"The Daughter of Dawn" (1920), the first film made
in Oklahoma, was shot using a cast of 300, entirely made up of the Comanche and
Kiowa tribes, using traditional costumes, teepees, and weapons. The story of bravery, star-crossed lovers and
duels to the death also featured buffalo hunts (staged at the Wichita
Mountains Wildlife Refuge) and some striking visual compositions.
Writer-director Norbert Myles (described as
"fiery," which may explain his being cast out of Hollywood studio
offices) worked with a Texan named Richard Banks to produce the film, which was
lost for decades following a single screening in Los Angeles. [Only some still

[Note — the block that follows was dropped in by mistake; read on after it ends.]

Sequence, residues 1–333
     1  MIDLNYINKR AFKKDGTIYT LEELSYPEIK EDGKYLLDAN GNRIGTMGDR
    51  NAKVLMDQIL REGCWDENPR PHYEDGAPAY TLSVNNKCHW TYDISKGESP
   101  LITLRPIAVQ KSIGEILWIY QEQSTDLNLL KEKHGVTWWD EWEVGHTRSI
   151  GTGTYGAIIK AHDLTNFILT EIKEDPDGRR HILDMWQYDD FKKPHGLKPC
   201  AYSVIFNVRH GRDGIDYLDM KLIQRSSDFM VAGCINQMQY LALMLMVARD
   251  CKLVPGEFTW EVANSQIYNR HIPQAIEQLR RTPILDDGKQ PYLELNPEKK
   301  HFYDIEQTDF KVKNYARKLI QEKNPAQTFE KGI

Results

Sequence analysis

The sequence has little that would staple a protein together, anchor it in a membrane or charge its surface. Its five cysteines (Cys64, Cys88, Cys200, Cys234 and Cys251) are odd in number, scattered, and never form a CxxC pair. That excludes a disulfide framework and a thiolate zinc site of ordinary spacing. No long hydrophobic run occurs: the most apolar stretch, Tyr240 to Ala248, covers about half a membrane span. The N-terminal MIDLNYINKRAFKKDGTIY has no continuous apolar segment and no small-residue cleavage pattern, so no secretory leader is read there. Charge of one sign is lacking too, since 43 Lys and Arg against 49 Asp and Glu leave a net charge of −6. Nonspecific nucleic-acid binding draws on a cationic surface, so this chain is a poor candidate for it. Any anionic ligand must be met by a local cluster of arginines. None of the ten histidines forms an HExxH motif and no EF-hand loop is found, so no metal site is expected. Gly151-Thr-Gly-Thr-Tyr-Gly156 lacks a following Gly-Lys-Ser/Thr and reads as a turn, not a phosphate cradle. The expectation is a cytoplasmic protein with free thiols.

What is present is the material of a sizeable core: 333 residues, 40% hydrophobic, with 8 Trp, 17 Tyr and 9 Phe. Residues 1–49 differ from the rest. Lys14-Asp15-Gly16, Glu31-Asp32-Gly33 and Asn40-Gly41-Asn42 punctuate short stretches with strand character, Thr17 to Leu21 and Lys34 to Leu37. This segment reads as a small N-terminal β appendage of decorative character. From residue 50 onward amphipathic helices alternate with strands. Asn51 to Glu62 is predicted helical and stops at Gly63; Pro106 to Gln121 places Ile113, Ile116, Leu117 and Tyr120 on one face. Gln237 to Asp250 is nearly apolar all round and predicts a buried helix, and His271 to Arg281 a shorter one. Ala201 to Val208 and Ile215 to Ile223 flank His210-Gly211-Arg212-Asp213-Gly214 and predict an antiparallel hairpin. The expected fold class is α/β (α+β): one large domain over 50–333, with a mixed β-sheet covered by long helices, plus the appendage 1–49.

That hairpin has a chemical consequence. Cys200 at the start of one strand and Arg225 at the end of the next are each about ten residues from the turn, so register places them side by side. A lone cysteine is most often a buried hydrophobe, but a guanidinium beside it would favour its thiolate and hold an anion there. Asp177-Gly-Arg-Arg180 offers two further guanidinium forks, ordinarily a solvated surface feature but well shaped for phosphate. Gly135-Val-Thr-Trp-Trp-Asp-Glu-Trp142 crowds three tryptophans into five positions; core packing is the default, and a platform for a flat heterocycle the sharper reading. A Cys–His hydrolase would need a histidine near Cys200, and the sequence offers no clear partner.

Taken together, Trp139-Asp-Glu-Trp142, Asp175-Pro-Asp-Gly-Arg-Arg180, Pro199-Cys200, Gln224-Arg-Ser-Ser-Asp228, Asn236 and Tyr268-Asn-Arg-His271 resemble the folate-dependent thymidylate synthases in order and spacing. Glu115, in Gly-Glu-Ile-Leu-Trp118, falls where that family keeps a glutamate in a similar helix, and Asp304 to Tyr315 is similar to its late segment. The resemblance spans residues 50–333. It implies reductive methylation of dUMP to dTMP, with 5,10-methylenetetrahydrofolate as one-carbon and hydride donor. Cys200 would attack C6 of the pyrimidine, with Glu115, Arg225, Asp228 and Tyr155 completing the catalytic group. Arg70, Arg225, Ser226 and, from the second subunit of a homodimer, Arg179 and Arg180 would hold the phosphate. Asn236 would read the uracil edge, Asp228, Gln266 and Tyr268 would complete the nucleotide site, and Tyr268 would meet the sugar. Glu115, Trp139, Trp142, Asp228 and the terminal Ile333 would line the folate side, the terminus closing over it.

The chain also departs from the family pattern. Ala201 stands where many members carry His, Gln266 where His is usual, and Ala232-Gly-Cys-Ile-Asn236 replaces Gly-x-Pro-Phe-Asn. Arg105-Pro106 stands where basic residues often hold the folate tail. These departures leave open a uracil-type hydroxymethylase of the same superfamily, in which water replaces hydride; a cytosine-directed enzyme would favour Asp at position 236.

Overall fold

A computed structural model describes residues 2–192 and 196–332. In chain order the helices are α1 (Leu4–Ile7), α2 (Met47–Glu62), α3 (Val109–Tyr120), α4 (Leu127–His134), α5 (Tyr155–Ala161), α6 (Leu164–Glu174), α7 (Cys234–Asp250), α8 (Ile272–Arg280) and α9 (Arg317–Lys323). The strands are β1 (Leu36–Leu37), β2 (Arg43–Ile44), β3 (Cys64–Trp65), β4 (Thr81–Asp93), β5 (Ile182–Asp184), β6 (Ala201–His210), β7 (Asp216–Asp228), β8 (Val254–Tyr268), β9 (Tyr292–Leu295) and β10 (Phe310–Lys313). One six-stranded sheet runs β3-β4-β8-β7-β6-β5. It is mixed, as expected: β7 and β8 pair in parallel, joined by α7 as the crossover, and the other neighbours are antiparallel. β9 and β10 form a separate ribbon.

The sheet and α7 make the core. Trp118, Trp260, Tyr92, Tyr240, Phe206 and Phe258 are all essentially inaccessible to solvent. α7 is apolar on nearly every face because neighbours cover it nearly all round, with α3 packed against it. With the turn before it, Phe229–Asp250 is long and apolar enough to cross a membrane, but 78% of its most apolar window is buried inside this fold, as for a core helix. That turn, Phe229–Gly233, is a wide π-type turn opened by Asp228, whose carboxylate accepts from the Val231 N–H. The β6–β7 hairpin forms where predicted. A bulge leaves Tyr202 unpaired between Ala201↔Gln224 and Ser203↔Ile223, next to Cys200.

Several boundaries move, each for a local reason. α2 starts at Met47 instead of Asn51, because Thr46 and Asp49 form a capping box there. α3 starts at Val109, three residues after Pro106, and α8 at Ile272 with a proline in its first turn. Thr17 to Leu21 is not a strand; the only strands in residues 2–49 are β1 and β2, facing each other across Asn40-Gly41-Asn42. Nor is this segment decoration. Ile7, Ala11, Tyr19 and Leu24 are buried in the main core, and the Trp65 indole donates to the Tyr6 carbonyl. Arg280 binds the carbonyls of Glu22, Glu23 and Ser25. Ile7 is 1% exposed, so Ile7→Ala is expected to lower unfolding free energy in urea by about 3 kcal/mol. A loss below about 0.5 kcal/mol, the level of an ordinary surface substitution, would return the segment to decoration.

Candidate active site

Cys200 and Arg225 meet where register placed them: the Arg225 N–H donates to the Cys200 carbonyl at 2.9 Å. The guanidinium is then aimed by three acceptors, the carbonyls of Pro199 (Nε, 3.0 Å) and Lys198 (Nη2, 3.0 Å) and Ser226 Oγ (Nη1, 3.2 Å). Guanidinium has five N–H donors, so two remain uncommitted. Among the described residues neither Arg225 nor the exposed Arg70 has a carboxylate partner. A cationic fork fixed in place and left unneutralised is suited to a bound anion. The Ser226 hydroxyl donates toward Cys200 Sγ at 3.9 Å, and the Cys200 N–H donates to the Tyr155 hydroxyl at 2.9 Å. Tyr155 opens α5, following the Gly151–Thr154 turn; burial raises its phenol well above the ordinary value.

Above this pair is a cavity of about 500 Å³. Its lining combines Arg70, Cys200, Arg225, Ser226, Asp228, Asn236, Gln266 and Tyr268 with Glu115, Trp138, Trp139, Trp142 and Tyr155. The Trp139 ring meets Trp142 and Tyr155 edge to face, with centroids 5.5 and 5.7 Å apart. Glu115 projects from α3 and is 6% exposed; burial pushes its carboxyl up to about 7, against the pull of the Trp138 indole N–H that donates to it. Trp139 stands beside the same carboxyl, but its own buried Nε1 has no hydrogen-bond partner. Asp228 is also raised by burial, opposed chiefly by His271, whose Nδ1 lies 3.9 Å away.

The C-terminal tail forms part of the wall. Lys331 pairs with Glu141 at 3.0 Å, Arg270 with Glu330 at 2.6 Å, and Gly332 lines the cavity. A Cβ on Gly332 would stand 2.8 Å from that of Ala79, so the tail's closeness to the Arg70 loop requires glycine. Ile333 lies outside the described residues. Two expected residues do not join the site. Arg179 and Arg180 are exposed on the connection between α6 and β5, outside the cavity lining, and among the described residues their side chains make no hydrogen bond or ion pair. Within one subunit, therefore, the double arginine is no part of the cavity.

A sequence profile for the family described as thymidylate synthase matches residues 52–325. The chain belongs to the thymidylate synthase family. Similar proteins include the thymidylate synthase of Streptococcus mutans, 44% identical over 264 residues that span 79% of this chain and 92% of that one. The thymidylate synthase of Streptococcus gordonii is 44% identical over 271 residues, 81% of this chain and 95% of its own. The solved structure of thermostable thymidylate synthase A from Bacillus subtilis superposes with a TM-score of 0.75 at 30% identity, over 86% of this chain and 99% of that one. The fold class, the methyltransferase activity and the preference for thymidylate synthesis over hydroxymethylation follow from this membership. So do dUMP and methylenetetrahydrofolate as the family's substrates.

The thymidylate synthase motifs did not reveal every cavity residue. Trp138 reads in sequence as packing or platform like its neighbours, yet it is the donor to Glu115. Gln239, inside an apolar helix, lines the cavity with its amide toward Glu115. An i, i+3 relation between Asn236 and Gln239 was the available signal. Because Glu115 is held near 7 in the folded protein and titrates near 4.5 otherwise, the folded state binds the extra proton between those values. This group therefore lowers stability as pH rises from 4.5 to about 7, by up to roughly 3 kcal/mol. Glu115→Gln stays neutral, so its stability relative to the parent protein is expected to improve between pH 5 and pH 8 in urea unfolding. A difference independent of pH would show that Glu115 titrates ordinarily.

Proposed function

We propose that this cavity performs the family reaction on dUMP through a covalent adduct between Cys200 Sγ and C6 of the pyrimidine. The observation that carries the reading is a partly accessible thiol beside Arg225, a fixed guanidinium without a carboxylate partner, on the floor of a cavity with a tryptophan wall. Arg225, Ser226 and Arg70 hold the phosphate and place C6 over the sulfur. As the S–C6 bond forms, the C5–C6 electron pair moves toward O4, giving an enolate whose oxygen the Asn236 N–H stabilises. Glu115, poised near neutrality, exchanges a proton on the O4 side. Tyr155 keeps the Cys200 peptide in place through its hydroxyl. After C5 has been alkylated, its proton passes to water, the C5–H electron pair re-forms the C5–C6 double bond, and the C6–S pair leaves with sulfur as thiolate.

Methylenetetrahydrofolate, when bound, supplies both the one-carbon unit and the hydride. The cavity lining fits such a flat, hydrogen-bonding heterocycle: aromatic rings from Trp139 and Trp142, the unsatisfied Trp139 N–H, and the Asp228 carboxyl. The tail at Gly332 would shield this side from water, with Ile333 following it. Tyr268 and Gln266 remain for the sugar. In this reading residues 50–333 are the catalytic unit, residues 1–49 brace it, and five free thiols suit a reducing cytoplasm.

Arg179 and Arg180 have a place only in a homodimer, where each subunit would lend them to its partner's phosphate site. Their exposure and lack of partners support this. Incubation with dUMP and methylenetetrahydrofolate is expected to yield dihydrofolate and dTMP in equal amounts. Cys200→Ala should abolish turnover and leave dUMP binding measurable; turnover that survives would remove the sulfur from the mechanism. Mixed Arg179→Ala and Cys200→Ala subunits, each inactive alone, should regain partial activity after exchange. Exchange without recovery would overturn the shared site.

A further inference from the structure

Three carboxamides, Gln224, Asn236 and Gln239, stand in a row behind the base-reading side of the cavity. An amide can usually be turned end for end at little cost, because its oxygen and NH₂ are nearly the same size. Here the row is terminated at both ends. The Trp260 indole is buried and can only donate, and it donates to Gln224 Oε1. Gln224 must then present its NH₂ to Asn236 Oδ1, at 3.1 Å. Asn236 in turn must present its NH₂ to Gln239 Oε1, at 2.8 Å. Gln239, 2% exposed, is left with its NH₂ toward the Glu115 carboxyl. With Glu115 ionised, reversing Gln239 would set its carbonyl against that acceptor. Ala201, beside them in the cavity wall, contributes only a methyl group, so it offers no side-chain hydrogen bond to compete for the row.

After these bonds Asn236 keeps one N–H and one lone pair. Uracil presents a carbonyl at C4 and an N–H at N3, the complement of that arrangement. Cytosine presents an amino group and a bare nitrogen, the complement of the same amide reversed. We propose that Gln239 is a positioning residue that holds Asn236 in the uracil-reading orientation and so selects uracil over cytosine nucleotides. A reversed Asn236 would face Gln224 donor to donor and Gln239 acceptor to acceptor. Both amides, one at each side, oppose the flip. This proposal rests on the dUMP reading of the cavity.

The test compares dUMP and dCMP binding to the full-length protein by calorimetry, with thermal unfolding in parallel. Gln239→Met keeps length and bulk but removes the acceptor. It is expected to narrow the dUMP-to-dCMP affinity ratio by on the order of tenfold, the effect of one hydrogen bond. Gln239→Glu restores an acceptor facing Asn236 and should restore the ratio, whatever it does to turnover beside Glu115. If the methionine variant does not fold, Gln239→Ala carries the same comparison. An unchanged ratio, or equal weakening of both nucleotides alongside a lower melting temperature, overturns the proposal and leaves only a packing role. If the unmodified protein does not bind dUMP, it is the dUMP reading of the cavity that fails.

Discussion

images and a script existed in archives.]
In 2005, a private investigator obtained some nitrate reels
that turned out to be "Daughter of Dawn," and turned them over to the
Oklahoma Historical Society, which preserved the footage and commissioned a
musical score by David Yeagley, a composer of Comanche descent.